6. Ease of maintenance and use mostly. If you need to replace lower control lines at home (or in the field) it's substantially easier with the traditional style cascades. It's also somewhat easier to find a customized deep brake setting with the traditional cascades. That might be one reason that Apex has stayed with them. Apex canopies have old style (two pieces of Dacron finger trapped in and out) brake settings, where everyone else has gone to the new loop style (loop of spectra brought back around) settings. The loop style settings appear to have a much greater service life (approaching infinite, in our use--we have yet to need to replace a loop style setting at the school).
  7. If you prefer the old standard line cascade, I know that Atair has made them that way on request for several of my students.
  8. That looks basically the same to me. There are variations within the manufacturers, having to do with line type and junction location. Simon put his junctions at fairly wide intervals, where Atair has placed their junctions all within a fairly close spacing. Virtually all BASE gear involves adopting ideas from other fields. Slats came from aircraft wings, loop style brake settings were first used on tandem rigs...the list goes on.
  9. Basically, we're all grasping at straws trying to find a fix. Anything promising gets tried, and anything that you customers think might work will get added in, in an effort to keep the customers happy. Tension knots are the last great unsolved malfunction in BASE. I know tons of people who would love to find an answer for them. I know good, knowledgeable, experienced jumpers and riggers who think that; Thinner lines tension knot more often Thicker lines tension knot more often New lines tension know more often (because they are stiffer) Old lines tension knot more often (because they are fuzzier) I know a master rigger who squeezes beeswax into his lines so that if they tension knot they will 'slip out'. I know a leading European jumper who sprays his lines with food grade silicon lubricant, for the same reason. I even know a jumper who replaced his upper control lines with a giant triangle of mesh (no lines = no tension knots). The 'trunk and branch' system was created by Simon Perriard for the prototype that became the Squirrel Outlaw, and then added to and refined as it was replicated by other manufacturers. I think there is some good thinking there--I just haven't seen any evidence that it is actually effective in reducing the malfunction rate. I think everyone is still working on the problem, though, which is good.
  10. I have no evidence that they reduce tension knot risk. I have clear photos and video of a canopy with this style of control lines experiencing a tension knot. I have also seen some evidence that the use of a different line weight in the 'trunk' line focuses the force of opening more on the 'trunk' line attachment. I have seen three different canopies with this style of control line that experienced structural failures (tearing) at the line attachment point of the 'trunk' line. Basically, on this one I agree with Apex. I have no problem with personally jumping lines of either style though. Also be aware that the 'trunk and branch' style control line creates the possibility for a new problem with discontinuity of the control line. If you drop your toggle at landing and do not clear the control lines from canopy to toggle on each pack job, it's possible to have the toggle flip through an upper cascade and compress the canopy tail in flight, resulting in an apparent 'built in turn' until you correct the discontinuity. I have seen multiple jumpers who did not perform this check and complained of out of trim canopies until someone else corrected the problem for them and explained what to look for.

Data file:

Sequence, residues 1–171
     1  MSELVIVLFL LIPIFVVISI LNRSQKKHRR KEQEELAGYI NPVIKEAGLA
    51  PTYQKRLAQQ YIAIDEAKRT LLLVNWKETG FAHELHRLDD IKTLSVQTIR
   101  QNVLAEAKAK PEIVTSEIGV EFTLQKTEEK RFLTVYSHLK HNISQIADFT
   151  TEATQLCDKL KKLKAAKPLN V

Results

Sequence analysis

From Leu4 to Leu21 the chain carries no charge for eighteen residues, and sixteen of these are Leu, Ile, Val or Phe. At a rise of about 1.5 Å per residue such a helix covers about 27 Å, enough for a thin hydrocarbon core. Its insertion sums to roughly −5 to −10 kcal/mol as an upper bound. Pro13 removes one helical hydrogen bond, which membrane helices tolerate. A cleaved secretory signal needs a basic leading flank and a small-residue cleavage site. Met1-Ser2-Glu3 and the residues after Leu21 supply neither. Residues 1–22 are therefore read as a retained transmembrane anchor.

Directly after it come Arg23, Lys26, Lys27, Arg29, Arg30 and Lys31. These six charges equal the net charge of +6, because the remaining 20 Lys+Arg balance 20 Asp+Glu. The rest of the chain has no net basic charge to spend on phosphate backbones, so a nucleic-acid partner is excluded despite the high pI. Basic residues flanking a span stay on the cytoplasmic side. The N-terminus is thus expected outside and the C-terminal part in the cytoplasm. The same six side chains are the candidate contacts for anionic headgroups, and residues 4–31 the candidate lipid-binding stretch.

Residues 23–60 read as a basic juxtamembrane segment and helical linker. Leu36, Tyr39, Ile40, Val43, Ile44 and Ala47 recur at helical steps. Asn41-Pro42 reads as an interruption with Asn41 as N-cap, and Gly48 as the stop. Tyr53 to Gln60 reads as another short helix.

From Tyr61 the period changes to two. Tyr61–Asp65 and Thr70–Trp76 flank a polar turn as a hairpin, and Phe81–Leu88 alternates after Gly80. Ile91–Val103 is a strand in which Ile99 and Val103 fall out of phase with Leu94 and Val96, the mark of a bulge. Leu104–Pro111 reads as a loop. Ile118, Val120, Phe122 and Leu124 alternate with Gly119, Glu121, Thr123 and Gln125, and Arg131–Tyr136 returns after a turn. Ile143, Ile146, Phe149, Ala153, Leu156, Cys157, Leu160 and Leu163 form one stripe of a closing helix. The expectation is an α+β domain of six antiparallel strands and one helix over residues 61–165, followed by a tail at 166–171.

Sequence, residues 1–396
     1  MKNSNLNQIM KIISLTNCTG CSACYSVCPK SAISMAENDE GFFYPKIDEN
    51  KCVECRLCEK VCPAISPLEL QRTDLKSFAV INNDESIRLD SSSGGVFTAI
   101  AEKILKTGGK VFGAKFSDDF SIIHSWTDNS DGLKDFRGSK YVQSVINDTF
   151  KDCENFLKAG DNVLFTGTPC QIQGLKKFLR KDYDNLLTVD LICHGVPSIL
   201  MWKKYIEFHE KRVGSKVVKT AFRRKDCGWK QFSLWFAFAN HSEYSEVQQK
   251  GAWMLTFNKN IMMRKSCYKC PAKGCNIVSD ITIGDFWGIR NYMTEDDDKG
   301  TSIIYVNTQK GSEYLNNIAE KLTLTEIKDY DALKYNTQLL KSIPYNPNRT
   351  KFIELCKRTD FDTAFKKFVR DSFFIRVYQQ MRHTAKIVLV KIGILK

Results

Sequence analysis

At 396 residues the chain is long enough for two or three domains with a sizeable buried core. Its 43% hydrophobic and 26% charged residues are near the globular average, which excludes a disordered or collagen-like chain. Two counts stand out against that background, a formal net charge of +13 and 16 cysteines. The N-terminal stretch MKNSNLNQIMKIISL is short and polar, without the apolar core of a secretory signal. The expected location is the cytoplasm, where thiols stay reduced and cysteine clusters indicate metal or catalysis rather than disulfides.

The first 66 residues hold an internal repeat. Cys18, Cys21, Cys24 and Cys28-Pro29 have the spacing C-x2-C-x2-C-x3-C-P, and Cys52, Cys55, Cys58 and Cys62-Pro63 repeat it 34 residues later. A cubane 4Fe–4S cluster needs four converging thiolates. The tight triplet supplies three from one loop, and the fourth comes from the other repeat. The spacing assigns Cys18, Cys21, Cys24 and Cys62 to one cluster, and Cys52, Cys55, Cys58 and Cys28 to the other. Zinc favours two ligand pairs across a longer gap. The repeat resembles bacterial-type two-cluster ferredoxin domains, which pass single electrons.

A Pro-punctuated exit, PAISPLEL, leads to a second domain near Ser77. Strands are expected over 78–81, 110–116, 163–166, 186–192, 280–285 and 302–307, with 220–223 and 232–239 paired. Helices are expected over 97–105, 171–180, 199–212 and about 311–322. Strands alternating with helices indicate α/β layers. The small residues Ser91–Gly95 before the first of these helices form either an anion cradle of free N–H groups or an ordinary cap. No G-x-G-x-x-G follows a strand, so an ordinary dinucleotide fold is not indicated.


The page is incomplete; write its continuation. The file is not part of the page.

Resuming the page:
11. I believe Apex BASE sells a ready made system. We teach how to make and use the systems in our Fundamentals course, and experienced jumpers are welcome to audit at no charge, so if you can come to Idaho, I can show you how to make and use static line systems.
  12. NPS is the National Park Service in the USA, which is a government organization that has spent considerable time (and taxpayer monies) chasing after BASE jumpers. To people who've never had to deal with them, old school American jumpers may seem paranoid. But to those of us who've had the pleasure, it honestly seems pretty warranted. I know for certain (i.e. we had a phone conversation in which one admitted it) that NPS law enforcement employees have made logins on this forum to track jumpers, then followed links to videos to find sites to arrest jumpers.
  13. I'm pretty sure they're Russian, so they probably haven't ever had to deal with the NPS.
  14. The traffic on the site was very low, and it didn't make financial sense to maintain it separately. The owner of the sites (both DZ.com and BASEjumper.com) made the decision to shut that one down and move the BASE conversations here. It also has the benefit that skydivers who are curious about BASE have an easier place to ask questions and get answers.
  15. Hi Ivan, and welcome to the forum! You are correct that you need to start with jumps from aircraft. If you want to jump the big mountains in your country, you are going to need to do a fair amount of skydiving to learn tracking skills--even more if you are hoping to fly wing suits in the mountains. I know some Russian jumpers who have traveled there for BASE. Have you met any local BASE jumpers? Or is it all people traveling there to jump? I know several people who have jumped there while traveling for work (in the oil industry), but none who are there now, unfortunately. How able are you to travel? The easiest thing to do is to travel to the USA or Europe and take a training course, but I'm not sure if that's within your budget.